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December 4th, 2009

SpyPhone iPhone App Can Silently Harvest And Email Personal Data

A Swiss iPhone developer has released a new application that is capable of harvesting huge amounts of personal data from iPhones, including geolocation data, passwords, address book entries and email account information, all using just the public API.

The application, called SpyPhone, uses the public iPhone API that Apple made available for application developers, and does not need any exploits or hardware attacks in order to access the iPhone’s data. Instead, SpyPhone relies on using the iPhone’s usability and depth of features to its advantage. Once an application is on an iPhone, it has unfettered access to much of the data and settings on the device, a circumstance that SpyPhone’s developer, Nicolas Seriot, exploited.

Seriot has posted the source code for SpyPhone online and gave a talk about SpyPhone’s capabilities at a security conference this week. All of SpyPhone’s operations are conducted in the background, without the knowledge of the iPhone’s user, and the application can be set to email reports on each infected phone back to the attacker.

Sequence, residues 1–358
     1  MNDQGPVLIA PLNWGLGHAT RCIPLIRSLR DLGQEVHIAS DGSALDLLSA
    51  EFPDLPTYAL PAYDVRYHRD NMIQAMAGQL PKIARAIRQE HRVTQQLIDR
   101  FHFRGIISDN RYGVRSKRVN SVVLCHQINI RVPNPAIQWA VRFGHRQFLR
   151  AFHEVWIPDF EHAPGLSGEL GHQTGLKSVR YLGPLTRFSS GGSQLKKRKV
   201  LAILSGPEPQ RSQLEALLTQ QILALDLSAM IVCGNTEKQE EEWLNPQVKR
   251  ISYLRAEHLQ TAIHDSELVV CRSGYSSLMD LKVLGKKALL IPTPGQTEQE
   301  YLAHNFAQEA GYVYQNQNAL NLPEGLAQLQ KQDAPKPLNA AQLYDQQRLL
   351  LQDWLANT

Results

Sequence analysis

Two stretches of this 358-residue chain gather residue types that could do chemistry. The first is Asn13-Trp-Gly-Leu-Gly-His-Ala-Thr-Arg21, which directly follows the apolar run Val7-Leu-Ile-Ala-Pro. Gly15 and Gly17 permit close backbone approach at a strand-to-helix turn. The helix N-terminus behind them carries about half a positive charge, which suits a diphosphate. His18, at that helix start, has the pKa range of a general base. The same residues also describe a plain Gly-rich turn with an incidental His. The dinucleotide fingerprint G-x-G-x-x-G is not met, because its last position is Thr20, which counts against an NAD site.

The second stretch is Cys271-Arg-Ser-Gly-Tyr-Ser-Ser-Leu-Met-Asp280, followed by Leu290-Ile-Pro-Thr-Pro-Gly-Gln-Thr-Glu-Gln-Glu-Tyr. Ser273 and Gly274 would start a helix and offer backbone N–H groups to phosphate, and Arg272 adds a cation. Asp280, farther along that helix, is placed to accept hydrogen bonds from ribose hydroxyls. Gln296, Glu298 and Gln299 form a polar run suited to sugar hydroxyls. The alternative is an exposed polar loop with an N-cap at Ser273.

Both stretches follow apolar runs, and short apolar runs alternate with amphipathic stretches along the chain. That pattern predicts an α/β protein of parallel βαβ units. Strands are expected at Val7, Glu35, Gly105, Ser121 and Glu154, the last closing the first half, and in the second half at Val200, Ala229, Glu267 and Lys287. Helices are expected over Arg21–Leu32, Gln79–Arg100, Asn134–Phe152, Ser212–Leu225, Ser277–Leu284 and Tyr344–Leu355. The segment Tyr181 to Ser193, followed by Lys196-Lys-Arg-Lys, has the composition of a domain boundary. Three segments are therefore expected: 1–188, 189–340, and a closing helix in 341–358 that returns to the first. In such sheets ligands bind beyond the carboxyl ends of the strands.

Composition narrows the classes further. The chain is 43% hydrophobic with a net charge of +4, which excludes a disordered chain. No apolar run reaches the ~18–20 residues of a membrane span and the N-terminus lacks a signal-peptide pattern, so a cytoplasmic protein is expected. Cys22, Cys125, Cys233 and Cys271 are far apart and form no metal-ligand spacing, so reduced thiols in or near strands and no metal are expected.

Once on the iPhone, the application begins looking at the stored data that’s available in various other programs, such as the email address book and the keyboard cache, which keeps a record of every keystroke the user enters in a non-password field, Seriot said. This data normally is used for the iPhone’s autocomplete feature, but can be a gold mine of information for an attacker searching for intelligence on the iPhone’s owner.

By default, the iPhone will tag any photos taken with the device with the date and location of the picture. The user can turn this feature off, but if it’s enabled, SpyPhone can access that data, as well as the log of which WiFi hotspots the device has connected to. All of this gives the attacker a better picture of the iPhone’s owner, his location and his interests, which is valuable data.

Apple has taken pains to keep strict control over what applications can run on the iPhone, but malicious apps have been found in the company’s AppStore in the past. And while Apple has to approve all of the programs in the AppStore, users who have jailbroken iPhones can run any app they choose on their devices. That leaves plenty of opportunity for seemingly innocuous apps that contain malicious components.


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